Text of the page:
The first in a series of five comedic novels, Wilt was based around the lead character, Henry Wilt, a demoralised assistant lecturer who teaches literature to uninterested construction apprentices at a community college in the south of England.
"He has the same uncertainties about the world that I have, but he carries them on into the enactment of fantasy and he tends to run into trouble," Sharpe said.
The novel was adapted into the film Wilt in 1989, with Griff Rhys Jones and Mel Smith in the lead roles.
Sharpe, who had been living in northern Spain for two decades, was married with three children.
BBC News website readers have sent in their memories of Tom Sharpe:
Keith Baker, Derby
I've read most of the Wilt books, as well as Blott on the Landscape and a few others. Amazingly funny books - several times I would laugh out loud, even when reading them in work at lunchtime! Sad passing of a comic literal genius.
Ian Robertson, Sonning Common, Berkshire
Terrifically funny books. Invoked uncontrollable bursts of laughter. Remember on more than one occasion when commuting to work on the train somebody bursting out involuntarily and then having to quickly regain their composure. Noticed what they were reading and knew just why, even if those all around didn't quite understand & thought them strange. But once you've read the addictive Tom Sharpe you feel part of that club and just want to laugh too!
Bob Steadman, Nailsea, Bristol
Discovered Riotous Assembly in the early 70s and fell in love with Tom Sharpe's writing. Since then, I have read and reread his books over and over again, never tiring. I will never forget seeing the tears of laughter rolling down my blind father's face as my rather straight-laced mother read Wilt to him (swear words and all). Wilt is a work of genius and Tom Sharpe probably the funniest writer in the English language!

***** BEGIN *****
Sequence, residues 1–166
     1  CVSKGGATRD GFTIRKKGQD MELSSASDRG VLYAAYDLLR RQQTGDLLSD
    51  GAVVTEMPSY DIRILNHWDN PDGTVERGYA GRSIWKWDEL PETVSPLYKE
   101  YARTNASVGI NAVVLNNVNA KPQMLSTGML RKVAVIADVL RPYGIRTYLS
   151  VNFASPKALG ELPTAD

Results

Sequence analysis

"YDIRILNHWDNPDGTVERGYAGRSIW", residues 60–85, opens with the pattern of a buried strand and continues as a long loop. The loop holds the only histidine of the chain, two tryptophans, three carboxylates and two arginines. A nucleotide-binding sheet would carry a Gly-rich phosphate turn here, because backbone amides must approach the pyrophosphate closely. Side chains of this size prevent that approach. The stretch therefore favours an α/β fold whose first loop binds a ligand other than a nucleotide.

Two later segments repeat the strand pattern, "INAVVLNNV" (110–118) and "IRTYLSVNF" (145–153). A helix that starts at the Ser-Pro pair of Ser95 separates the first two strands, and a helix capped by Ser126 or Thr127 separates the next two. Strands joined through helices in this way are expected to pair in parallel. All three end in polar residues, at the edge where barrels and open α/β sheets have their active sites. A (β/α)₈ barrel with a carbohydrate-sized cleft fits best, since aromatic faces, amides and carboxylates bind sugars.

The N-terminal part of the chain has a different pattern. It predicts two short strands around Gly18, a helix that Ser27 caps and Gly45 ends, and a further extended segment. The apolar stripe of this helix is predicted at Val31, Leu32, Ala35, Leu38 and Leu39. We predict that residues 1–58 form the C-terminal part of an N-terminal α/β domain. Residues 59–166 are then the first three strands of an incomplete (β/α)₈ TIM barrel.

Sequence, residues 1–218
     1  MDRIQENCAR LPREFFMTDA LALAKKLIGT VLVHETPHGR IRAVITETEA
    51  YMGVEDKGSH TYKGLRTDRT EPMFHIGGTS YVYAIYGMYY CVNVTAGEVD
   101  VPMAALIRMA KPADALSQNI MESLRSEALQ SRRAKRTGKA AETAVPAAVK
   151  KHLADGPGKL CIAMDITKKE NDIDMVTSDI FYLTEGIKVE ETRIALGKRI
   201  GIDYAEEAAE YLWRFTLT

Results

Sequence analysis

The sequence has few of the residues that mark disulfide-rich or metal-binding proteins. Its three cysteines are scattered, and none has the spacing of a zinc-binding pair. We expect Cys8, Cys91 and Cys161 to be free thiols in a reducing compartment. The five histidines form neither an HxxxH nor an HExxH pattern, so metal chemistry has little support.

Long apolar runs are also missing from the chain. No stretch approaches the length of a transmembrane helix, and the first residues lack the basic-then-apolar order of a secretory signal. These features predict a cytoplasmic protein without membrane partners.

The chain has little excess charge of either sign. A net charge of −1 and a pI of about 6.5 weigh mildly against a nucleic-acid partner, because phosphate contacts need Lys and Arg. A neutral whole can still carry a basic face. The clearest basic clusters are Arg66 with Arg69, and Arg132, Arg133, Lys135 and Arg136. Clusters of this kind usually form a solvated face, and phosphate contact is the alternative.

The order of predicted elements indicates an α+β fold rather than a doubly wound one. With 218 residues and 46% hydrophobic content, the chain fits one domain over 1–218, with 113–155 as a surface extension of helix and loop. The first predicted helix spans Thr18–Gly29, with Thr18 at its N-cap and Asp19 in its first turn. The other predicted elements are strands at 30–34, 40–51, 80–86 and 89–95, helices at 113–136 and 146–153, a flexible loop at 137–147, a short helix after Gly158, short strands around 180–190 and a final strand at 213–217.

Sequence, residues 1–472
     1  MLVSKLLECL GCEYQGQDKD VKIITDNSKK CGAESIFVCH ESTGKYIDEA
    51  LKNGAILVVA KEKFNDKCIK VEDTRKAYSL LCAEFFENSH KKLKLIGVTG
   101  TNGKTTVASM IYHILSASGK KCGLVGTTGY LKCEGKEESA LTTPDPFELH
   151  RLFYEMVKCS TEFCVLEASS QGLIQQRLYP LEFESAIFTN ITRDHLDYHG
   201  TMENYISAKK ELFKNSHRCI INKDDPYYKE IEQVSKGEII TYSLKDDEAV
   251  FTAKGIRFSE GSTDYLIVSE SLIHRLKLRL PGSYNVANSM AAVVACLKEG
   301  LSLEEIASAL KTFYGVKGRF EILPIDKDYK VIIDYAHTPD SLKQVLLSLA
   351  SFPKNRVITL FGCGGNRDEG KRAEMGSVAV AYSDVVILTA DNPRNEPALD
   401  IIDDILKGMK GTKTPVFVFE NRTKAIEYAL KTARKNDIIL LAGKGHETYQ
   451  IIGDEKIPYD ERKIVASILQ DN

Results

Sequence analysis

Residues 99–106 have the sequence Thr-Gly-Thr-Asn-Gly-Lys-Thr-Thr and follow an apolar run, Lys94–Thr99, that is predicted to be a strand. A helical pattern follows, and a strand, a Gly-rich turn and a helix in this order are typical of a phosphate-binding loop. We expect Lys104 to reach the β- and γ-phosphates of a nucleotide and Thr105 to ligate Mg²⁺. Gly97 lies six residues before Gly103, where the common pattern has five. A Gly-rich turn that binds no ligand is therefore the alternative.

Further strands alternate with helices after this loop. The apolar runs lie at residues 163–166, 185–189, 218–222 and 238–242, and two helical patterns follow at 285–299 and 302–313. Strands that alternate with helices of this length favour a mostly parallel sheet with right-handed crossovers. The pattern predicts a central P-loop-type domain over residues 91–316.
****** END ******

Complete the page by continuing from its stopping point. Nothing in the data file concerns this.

Guy Rose, London
Tom Sharpe was my English master for part of the time I spent at a prep school in Pietermaritzburg, South Africa between 1954/8. At the same time, he had a photographic studio in the town he refers to in Riotous Assembly as Piemburg. Sadly, there was a little problem over some photographs he kindly showed my fellow pupils and me. The ladies featured were not exactly fully clothed - far from it - and my friends and I were grateful to Tom for this extension to our syllabus. Unfortunately the headmaster (who himself only died a few weeks ago) came into the staff common room and was less impressed than we were. Tom had to bid us farewell and was subsequently deported from South Africa, something he always rather proud of! The headmaster's wife said to me at a dinner in London a few years ago that if he (her husband) hadn't sacked Tom, he'd have deprived the world of a gifted novelist.
Kevin Reynolds, Cambridge
He was my history lecturer for two years and inspired me to be come a teacher and a writer. He was so funny, kept us amused for hours with his stories about south Africa. When I first met him as a student at Cambs College of arts and technology, he interviewed me on a one-to-one, to go through the rules and said 'Most important rule, no smoking in the classroom,' as he was lighting up his pipe at the same time! A great character.